Mathematics is a critical subject at primary and secondary schools not only because a failure in maths means learners cannot be promoted to the next grade but because proficiency in maths opens up a range of career possibilities.
It can open doors in diverse fields such as engineering (electrical, mechanical, chemical and civil) as well as green jobs such as environmental scientist, wind project engineers, wind manufacturing, solar technologists, waste management and recycling and environmental resource management — to name just a few examples.
Maths appears to not be the most favoured subject among learners with a low pass rate the unfortunate trend in South Africa. Added to this is the dire shortage of maths educators in the country. Maths educators also find it difficult to teach maths without the relevant support tools. It’s hardly surprising that South Africa has one of the lowest performance scores in mathematics in international maths surveys.
ABB South Africa’s corporate social investment programme with focused investments in community projects has recognised the need, through its work with orphans of HIV/AIDS and poorly funded schools, that learners require imaginative interventions that will support learning of maths at primary and high school levels. ABB has therefore kick-started an initiative to supply maths modules to schools and after-care centres in three provinces to help supplement maths homework in a fun and interesting way. The programme forms part of a field trial to test the efficacy of the modules.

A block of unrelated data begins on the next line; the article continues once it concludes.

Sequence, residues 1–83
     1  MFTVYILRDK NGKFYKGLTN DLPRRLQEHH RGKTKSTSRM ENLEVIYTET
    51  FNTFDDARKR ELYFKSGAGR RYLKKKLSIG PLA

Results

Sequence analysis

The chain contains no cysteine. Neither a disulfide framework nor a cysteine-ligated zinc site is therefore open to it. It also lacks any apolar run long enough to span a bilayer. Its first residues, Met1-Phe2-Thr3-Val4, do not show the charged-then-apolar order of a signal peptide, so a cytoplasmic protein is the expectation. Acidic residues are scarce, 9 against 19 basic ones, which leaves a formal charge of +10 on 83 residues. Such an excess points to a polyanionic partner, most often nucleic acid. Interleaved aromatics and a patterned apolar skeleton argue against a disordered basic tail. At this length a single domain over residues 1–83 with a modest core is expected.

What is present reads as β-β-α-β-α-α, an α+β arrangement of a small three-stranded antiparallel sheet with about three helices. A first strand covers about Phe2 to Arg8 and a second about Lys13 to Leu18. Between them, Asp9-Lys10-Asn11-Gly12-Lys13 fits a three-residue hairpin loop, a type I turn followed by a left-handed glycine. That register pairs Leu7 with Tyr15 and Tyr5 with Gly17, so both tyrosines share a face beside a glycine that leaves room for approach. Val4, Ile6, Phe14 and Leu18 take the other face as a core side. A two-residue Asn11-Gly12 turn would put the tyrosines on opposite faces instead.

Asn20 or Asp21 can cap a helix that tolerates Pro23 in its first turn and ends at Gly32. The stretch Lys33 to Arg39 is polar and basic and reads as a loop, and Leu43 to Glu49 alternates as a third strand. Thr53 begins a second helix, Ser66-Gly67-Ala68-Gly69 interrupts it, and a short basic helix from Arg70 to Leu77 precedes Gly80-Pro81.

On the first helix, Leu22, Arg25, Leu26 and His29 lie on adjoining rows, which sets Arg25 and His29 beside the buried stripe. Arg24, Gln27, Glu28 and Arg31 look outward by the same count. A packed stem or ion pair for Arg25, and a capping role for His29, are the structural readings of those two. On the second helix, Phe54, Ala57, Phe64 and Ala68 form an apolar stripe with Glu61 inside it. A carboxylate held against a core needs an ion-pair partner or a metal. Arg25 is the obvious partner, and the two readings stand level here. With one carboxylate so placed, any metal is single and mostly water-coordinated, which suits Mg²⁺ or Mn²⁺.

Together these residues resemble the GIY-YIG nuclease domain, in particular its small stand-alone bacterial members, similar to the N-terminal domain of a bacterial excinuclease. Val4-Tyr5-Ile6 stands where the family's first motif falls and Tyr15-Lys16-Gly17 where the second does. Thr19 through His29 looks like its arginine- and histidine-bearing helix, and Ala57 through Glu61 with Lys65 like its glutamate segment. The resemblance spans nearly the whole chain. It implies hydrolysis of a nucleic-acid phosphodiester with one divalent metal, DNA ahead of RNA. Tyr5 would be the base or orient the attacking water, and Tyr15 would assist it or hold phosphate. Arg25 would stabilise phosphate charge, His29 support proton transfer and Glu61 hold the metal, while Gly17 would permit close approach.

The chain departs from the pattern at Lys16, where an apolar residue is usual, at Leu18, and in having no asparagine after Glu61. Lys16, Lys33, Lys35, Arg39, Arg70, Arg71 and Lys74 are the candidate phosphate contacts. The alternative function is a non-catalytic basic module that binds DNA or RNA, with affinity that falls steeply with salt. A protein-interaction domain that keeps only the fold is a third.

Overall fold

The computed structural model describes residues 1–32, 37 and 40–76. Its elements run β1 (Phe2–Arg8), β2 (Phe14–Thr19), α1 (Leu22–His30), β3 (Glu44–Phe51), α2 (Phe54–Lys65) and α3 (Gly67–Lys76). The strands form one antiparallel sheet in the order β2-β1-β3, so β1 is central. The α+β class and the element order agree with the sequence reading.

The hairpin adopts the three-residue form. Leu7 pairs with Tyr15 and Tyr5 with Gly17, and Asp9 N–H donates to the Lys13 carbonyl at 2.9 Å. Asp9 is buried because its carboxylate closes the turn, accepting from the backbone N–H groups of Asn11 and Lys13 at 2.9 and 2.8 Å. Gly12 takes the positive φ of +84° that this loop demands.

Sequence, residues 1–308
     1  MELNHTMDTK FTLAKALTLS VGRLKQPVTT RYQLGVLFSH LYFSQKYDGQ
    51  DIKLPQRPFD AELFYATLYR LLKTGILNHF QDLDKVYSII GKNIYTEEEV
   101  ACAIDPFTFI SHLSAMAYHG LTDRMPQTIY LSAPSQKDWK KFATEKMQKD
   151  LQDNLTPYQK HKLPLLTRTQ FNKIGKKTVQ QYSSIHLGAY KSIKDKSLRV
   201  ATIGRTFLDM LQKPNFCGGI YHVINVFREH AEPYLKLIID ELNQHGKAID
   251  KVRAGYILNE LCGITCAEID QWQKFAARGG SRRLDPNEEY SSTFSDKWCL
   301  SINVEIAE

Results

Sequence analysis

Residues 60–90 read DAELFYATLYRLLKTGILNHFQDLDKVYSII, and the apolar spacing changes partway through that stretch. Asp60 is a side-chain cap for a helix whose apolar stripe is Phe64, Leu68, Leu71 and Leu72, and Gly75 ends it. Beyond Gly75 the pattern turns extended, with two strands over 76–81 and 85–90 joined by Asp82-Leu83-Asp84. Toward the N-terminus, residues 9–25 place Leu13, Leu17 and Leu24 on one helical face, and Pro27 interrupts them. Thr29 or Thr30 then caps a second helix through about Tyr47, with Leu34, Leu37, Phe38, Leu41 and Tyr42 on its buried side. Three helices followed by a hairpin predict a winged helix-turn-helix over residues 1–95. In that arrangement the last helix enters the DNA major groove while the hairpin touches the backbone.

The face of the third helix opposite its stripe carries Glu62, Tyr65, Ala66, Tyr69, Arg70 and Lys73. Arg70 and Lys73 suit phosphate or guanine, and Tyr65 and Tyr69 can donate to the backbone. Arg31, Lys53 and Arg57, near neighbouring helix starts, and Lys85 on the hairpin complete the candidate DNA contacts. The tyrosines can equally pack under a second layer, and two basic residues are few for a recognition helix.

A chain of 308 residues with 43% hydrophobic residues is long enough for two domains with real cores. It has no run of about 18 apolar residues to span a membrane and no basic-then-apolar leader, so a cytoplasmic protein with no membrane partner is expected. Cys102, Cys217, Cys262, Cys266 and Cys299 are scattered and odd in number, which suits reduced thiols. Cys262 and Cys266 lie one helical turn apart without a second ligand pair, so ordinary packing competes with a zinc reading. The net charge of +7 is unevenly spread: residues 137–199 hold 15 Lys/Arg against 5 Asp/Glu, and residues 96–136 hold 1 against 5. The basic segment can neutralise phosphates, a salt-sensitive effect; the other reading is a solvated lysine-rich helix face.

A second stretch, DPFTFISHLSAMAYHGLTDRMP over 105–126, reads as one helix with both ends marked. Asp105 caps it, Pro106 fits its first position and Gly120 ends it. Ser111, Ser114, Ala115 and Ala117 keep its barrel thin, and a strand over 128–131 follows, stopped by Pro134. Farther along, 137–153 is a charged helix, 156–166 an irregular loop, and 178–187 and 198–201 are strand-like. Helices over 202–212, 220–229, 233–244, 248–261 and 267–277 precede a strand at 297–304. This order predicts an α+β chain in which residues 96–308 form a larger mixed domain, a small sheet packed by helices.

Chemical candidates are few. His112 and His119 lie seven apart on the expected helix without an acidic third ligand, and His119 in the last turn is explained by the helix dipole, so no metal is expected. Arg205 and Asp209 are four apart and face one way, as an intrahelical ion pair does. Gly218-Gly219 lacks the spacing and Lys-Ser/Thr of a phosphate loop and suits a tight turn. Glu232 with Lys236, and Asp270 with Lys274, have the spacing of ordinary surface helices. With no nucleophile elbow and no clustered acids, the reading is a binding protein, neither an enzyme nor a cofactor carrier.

ABB hopes that this maths initiative will impact learner performance and inject excitement back into maths. The maths module, called the Rock Series, is a fun, user-friendly, interactive programme that covers the foundation principles of mathematics and English for all grades from 0 – 12. It has more than 1,500 lessons (including trigonometry), hundreds of worksheets and interactive tests.
ABB South Africa has supplied the maths modules to the Dumani primary school in Motherwell, near Port Elizabeth in the Eastern Cape. This is one of the schools that benefits from the WWF/WESSA Eco-Schools project that forms part of ABB’s Youth-in-Energy programme. The preliminary feedback from educators and learners confirms that the computer based learning tool is fun to use and provides learners with a powerful tool to boost their mathematics understanding and skills.
“When we handed the maths modules to Dumani Primary both educators and learners were excited as it helped make their dream to come true,” says Pearl Jonas, regional co-ordinator for the WWF/WESSA Eco-Schools programme. The school’s Education Development Officer (EDO), Douglas Rwentela said, ”Mathematics is a rare skill that is needed by the society and any assistance in this regard is much appreciated.
These modules came at the time when our department (Eastern Cape-DBE) needs outside intervention from other stakeholders and businesses. These will also enhance teaching mathematics in our schools, another bonus to this, learners are to practise at own pace, it’s not classroom bound.” ABB is committed to skills development not only in its own operations in the country but is providing engineering scholarships at universities and together with customers is providing opportunities for funding graduate engineers, technicians and artisans.
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